The transmitter 530 may comprise suitable logic circuitry and/or code that may be operable to process and transmit signals from the RF antenna 510. The transmitter 530 may, for example, be operable to up-convert baseband signals to RF signals and amplify RF signals. In various embodiments of the subject technology, the transmitter 530 may be operable to up-convert and amplify baseband signals processed in accordance with a variety of wireless standards. Examples of such standards may include Wi-Fi, WiMAX, Bluetooth, and various cellular standards. In various embodiments of the subject technology, the transmitter 530 may be operable to provide signals for further amplification by one or more power amplifiers.

The duplexer 512 may provide isolation in the transmit band to avoid saturation of the receiver 520 or damaging parts of the receiver 520, and to relax one or more design requirements of the receiver 520. Furthermore, the duplexer 512 may attenuate the noise in the receive band. The duplexer may be operable in multiple frequency bands of various wireless standards.

The baseband processing module 540 may comprise suitable logic, circuitry, interfaces, and/or code that may be operable to perform processing of baseband signals. The baseband processing module 540 may, for example, analyze received signals and generate control and/or feedback signals for configuring various components of the wireless communication device 500, such as the receiver 520. The baseband processing module 540 may be operable to encode, decode, transcode, modulate, demodulate, encrypt, decrypt, scramble, descramble, and/or otherwise process data in accordance with one or more wireless standards.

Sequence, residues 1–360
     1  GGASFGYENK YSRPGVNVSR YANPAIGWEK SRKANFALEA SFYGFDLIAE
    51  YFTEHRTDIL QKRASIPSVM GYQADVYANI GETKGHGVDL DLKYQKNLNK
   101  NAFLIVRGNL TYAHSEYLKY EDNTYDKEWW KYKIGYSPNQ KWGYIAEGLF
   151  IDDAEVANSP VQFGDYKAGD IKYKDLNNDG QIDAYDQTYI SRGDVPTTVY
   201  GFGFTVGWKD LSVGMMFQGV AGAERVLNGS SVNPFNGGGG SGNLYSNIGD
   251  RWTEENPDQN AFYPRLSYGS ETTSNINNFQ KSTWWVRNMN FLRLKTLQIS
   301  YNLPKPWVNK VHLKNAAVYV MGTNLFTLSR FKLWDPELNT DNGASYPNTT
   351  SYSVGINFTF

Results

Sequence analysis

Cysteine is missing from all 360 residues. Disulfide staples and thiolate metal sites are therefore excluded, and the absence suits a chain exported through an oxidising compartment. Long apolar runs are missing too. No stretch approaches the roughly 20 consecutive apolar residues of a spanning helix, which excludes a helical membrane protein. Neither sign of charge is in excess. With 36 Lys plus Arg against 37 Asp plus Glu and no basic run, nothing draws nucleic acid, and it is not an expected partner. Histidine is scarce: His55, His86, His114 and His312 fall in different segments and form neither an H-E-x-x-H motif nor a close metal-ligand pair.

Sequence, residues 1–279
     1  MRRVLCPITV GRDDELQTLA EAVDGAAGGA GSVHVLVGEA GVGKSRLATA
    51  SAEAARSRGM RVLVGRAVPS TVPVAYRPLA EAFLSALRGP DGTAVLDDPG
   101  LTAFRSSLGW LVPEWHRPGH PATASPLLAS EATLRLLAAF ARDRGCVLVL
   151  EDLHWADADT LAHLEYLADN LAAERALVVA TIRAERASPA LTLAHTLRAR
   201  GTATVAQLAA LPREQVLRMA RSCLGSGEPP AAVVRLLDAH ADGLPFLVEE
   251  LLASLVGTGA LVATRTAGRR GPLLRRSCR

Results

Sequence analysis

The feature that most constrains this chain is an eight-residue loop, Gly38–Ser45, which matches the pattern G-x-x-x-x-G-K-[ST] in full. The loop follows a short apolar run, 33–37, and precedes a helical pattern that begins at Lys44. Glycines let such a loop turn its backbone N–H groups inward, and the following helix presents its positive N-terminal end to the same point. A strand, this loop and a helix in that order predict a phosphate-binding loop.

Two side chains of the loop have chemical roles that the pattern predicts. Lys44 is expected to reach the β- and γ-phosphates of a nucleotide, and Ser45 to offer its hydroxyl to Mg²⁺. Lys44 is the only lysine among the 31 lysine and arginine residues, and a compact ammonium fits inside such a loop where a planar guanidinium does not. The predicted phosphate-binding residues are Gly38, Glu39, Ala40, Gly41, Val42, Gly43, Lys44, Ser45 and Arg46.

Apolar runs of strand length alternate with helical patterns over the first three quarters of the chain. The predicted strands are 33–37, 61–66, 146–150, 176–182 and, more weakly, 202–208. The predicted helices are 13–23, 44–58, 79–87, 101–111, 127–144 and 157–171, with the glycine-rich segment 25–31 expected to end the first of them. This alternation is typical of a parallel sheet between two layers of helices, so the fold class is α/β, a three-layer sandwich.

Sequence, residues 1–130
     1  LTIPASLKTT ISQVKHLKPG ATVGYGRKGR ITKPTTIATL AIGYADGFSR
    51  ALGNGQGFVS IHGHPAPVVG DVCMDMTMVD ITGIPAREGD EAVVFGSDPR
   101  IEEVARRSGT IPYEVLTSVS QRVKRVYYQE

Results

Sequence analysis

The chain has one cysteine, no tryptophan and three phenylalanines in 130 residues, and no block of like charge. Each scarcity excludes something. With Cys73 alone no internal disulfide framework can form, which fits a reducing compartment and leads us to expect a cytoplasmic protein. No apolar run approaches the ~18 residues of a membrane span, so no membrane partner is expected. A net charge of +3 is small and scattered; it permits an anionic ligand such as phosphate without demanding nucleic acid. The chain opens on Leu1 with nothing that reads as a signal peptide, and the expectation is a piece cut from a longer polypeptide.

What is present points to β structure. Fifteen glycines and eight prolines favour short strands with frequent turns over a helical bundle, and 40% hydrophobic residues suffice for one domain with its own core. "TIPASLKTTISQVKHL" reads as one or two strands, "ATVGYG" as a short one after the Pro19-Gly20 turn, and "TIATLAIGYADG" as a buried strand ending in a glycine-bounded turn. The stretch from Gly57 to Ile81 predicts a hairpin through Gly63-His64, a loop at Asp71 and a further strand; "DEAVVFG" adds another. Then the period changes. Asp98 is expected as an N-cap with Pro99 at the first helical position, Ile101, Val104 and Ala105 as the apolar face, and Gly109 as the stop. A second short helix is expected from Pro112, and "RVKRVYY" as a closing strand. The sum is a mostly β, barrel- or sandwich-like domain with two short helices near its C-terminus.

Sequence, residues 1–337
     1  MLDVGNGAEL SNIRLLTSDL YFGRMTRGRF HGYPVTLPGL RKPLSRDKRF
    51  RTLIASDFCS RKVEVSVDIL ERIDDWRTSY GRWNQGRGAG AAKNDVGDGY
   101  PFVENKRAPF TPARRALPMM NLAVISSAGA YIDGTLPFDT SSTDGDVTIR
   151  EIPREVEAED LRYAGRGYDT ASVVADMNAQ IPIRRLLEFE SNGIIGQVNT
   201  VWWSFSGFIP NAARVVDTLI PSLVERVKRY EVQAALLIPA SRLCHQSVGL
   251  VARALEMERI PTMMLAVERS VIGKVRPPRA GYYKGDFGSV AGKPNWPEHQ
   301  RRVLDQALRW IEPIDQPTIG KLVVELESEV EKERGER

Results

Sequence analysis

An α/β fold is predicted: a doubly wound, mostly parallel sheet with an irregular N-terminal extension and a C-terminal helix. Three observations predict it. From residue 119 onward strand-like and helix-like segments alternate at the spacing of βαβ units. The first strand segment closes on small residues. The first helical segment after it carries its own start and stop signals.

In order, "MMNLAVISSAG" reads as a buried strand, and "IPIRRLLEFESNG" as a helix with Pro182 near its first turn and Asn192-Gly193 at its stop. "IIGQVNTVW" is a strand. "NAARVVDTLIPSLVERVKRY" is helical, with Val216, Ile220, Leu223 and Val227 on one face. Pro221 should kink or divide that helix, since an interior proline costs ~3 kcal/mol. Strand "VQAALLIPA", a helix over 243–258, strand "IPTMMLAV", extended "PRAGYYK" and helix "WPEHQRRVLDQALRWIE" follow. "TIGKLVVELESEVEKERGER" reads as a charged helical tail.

The processor 560 may comprise suitable logic, circuitry, and/or code that may enable processing data and/or controlling operations of the wireless communication device 500. In this regard, the processor 560 may be enabled to provide control signals to various other portions of the wireless communication device 500. The processor 560 may also control transfers of data between various portions of the wireless communication device 500. Additionally, the processor 560 may enable implementation of an operating system or otherwise execute code to manage operations of the wireless communication device 500.